“in Praise of the ‘Wobblies’” by Ted Gup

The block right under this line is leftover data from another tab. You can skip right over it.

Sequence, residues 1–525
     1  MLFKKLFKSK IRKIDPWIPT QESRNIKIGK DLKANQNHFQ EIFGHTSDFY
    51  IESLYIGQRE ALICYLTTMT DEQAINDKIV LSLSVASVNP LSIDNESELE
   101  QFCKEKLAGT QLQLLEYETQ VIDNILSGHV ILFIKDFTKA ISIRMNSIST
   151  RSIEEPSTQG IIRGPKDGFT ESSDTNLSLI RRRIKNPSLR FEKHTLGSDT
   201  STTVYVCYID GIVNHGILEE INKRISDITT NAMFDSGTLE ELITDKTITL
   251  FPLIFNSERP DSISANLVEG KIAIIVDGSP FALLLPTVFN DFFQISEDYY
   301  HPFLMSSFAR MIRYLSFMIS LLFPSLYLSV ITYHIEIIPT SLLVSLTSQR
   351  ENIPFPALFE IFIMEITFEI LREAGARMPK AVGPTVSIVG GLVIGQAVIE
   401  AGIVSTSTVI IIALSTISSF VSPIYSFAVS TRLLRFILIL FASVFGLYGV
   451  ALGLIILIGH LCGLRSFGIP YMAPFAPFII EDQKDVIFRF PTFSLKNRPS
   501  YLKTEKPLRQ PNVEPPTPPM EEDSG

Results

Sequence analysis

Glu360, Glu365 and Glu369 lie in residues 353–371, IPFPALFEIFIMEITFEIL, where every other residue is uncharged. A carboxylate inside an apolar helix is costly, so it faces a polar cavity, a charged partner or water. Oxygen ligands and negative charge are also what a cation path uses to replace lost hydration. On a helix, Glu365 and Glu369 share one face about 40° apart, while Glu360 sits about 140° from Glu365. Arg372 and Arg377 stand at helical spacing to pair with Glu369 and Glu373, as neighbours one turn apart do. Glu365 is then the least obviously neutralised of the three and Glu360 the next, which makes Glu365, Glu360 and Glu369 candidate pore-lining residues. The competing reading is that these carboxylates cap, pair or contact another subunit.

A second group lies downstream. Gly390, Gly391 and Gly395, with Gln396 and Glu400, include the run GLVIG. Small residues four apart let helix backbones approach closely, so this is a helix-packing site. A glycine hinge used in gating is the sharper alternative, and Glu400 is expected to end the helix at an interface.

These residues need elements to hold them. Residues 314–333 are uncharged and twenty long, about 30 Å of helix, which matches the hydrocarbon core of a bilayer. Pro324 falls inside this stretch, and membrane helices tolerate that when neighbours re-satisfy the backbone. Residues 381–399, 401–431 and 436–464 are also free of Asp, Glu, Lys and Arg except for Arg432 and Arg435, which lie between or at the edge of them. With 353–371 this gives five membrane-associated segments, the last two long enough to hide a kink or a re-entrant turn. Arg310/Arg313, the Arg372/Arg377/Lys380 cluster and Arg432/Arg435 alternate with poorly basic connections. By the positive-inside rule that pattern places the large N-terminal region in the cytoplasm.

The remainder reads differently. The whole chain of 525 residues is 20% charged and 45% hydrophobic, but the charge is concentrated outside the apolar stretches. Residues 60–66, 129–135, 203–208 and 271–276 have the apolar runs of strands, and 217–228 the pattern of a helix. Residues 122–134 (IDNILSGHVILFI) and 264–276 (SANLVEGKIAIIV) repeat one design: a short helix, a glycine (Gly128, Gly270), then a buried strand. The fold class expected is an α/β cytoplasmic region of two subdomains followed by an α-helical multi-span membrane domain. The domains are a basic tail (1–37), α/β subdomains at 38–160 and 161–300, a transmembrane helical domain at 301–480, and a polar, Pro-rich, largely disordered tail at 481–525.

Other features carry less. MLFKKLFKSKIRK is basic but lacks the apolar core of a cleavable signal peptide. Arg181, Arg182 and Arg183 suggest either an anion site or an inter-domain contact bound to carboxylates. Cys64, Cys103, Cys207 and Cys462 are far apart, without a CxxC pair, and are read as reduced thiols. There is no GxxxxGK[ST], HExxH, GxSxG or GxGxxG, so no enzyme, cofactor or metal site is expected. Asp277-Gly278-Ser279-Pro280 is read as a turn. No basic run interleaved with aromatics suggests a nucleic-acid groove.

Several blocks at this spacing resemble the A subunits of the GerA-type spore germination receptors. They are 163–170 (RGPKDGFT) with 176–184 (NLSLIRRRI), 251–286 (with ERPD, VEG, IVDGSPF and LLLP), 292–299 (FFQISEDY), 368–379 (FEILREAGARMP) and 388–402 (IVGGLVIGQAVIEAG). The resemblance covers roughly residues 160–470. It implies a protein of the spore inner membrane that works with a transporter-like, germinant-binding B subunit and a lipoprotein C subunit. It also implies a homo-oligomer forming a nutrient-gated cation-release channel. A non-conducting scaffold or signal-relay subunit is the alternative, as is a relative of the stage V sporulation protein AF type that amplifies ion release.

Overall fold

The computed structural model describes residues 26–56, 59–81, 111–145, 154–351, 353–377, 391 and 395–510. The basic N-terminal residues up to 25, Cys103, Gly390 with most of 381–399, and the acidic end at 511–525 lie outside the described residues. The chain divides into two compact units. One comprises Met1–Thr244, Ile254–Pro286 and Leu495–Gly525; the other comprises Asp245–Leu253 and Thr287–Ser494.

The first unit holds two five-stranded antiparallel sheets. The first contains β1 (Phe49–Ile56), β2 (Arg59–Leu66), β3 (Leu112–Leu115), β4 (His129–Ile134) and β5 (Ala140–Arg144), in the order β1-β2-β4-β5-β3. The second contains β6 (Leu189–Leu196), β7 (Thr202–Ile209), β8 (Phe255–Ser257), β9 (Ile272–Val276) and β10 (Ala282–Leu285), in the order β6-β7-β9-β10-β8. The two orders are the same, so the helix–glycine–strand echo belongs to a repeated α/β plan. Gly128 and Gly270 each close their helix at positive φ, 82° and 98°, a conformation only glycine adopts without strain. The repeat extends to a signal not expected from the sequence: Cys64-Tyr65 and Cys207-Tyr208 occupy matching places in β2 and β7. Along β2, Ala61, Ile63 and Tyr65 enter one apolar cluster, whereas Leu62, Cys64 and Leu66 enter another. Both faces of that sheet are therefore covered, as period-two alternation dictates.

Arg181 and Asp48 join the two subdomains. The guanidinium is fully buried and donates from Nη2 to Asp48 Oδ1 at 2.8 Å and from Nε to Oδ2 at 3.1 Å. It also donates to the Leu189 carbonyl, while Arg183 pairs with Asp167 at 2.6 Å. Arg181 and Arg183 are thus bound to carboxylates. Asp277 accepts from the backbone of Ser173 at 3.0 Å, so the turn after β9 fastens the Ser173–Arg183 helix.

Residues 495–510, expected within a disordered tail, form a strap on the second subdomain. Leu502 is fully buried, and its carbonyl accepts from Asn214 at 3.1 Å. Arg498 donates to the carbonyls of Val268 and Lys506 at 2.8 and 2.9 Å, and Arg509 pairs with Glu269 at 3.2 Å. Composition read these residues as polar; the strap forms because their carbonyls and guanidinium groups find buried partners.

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When involved with debates of any subject, there are always those people who never really seem to know where they stand. Throughout most of Gup’s life, he found himself flexible on a variety of opposing arguments. He states that he would linger in the ‘no man’s land between opposing arguments’, and wished to be drawn to one side, but found advantages and disadvantages in both. When he grew to accept his ‘confusion’, he realized that people like him are needed for the world to function. He, along with others like him, act as a bridge between opposing arguments, and without them, different groups would be completely divided. He believes that every argument needs a few ‘wobblies’ – those who don’t know where they stand – to hold the common ground. In our lives, there are always people around us who seem to know exactly where they stand, and don’t hesitate in making everybody in the general vicinity aware of it as well. It always seems that no matter how the conversation begins, it always gets drawn to the familiar subjects, whether intended or not. People who are very certain of where they stand can be drawn into conflict by the smallest of issues. This is especially true during election years. Being a liberal in a broadly conservative school, I agree with Gup, saying that we need the in-between people to keep a balance between arguments. When the level of certainty is high, it’s always good to have a few wobblies around. Wobblies show that strong opinions often get the better of us, and we shouldn’t focus so much on what divides us. I agree with the author’s opinion to a large extent. I, like the author, do not have a strong stance when it comes to certain topics such as political issues. And that is okay with me. The writing in this piece is very well done which makes sense because the author teaches journalism at a college. The author uses several good writing techniques like a well formed and obvious thesis in the first paragraph and excellent word choice. Words...
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